I hate being picked up. Yes, I’m an adult but it may have more to do with control than age. So when I found myself being hoisted five feet in the air, threaded headfirst through a manmade web as part of a team building experience at Tamarack Adventure & Retreat Center, I braced for the worst.
But it was fun. Really, really fun.
Once in my team’s hands, I didn’t worry about my weight or breaking my neck. I didn’t fret over injuring someone. Instead I felt almost weightless and perfectly safe.
Trust is a powerful thing. It’s also the foundation of successful teams and strong leadership. Communication, respect, collaboration and responsibility are also fundamental attributes of high performing teams. In the four hours the Brogan Team spent at Tamarack Adventure & Retreat Center this winter, we worked these skills silly—both figuratively and literally.
Our Tamarack guides, Jess and Tyler, kicked off the morning’s events with a short hike through the camp’s densely forested trails. They rounded us up at a village clearing for a game of rock/paper/scissors meets simulated balance beam, wrapped in enthusiastic fans and supporters In addition to learning how flexible your team members can be, the point of this exercise is to experience the roar of the crowd. (It feels really good, especially when your peeps chant your name.)
They divided us into two tidy groups of 12 and we went our separate ways for a couple hours. Tyler led my group deeper into the woods where a thick rope hung from a tall tree. Five or six feet from where the rope knotted near the ground stood a circle of eight, vinyl record-sized tree slices. Our job was to get every team member to the slices without touching the ground after leaving the rope.
The challenge was draped in a story that involved rabid monkeys, a science experiment gone awry, apocalyptic climate conditions, all complicated by mandatory silence. After crushing the task (thanks in part to the climbing rope that a teammate had stowed in his backpack), Tyler took us through two more group initiatives.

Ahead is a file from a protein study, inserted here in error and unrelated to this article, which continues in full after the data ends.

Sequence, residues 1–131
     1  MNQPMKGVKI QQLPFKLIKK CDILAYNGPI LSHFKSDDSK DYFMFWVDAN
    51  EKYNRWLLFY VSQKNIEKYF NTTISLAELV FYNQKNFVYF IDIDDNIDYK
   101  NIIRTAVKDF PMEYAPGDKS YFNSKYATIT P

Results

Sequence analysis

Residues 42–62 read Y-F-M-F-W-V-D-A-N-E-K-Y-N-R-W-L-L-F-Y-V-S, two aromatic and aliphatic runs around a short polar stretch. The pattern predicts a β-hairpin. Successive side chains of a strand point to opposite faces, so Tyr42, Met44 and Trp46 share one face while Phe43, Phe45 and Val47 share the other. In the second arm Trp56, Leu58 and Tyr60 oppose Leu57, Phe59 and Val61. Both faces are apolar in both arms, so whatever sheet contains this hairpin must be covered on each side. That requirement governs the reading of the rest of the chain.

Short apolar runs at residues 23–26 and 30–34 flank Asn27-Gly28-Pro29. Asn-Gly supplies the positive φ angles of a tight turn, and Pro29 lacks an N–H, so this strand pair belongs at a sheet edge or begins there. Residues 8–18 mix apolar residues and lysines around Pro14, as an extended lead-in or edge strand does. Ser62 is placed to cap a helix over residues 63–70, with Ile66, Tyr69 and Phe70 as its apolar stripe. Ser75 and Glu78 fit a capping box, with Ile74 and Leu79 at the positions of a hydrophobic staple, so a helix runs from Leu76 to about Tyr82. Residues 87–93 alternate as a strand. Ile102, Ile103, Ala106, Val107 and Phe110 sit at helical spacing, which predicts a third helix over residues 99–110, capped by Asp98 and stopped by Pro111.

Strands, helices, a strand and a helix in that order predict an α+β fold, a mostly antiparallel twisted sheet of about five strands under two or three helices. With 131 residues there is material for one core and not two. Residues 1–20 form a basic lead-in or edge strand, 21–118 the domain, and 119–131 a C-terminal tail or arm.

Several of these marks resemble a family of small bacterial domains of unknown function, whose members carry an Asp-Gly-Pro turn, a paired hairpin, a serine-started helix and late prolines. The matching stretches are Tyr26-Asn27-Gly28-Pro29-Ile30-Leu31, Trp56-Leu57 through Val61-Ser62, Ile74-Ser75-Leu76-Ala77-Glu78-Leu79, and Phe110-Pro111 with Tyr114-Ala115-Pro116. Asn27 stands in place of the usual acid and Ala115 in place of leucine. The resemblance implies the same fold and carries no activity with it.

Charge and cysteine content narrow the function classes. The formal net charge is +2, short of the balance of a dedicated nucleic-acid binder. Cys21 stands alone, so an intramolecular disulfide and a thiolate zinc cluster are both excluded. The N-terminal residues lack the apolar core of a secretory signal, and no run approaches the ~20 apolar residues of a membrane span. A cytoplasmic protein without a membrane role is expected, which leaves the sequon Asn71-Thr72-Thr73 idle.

We reunited with the other team at a climbing wall, roughly 12 feet tall and smooth to the finish. The final group challenge was to evacuate all participating members over the wall to safety before a platoon of towering alien penguins reached our fortress. Everyone was required to participate actively, though no one was required to scale the wall.
In fairly quick order, the team had selected candidates to be human step stools and the first pair of arms to hoist climbers within reach of the top of the wall. Like the other group initiatives, the exercise demanded communication, trust, cooperation and courage. One of our team members had a terrible fear of falling. During an early challenge, she sang her way through her fears. When she began to doubt her resolve, we drowned out her reservations with cheers. The final tally: Brogan Team, 24; Mutant Penguins, 0.
Before hiking back to the parking lot, Jess and Tyler gathered us in a circle to review the morning’s events. Teamwork and trust were central themes. Some discovered new attributes like leadership and risk-taking in colleagues they’d worked with for years. Many were proud of their individual accomplishments and freely credited the team for their support and encouragement. Everyone enjoyed the outdoor setting, deep enough in the woods to escape the confines of an office and reach of cell phone towers.
“It was a great office bonding experience,” said the president. “We had so much fun, laughed a lot, and got to enjoy a beautiful day outdoors.”
“It got us outside and out of our comfort zones so we can come together,” said an account team leader.
“It was a really fun way to get out of the office and problem solve in a unique way,” said a copywriter.
“Pick me up!” said the director of strategy.